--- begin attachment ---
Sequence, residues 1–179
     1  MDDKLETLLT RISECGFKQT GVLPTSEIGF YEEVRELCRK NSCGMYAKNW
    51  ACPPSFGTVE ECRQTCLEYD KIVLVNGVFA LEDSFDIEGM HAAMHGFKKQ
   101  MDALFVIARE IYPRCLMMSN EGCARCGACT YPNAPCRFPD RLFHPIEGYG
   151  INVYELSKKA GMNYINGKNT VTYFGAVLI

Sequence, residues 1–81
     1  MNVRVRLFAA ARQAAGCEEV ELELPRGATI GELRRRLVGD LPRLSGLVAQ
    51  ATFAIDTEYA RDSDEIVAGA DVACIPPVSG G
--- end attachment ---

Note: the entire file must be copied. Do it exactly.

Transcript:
Sequence, residues 1–179
     1  MDDKLETLLT RISECGFKQT GVLPTSEIGF YEEVRELCRK NSCGMYAKNW
    51  ACPPSFGTVE ECRQTCLEYD KIVLVNGVFA LEDSFDIEGM HAAMHGFKKQ
   101  MDALFVIARE IYPRCLMMSN EGCARCGACT YPNAPCRFPD RLFHPIEGYG
   151  INVYELSKKA GMNYINGKNT VTYFGAVLI

Sequence, residues 1–81
     1  MNVRVRLFAA ARQAAGCEEV ELELPRGATI GELRRRLVGD LPRLSGLVAQ
    51  ATFAIDTEYA RDSDEIVAGA DVACIPPVSG G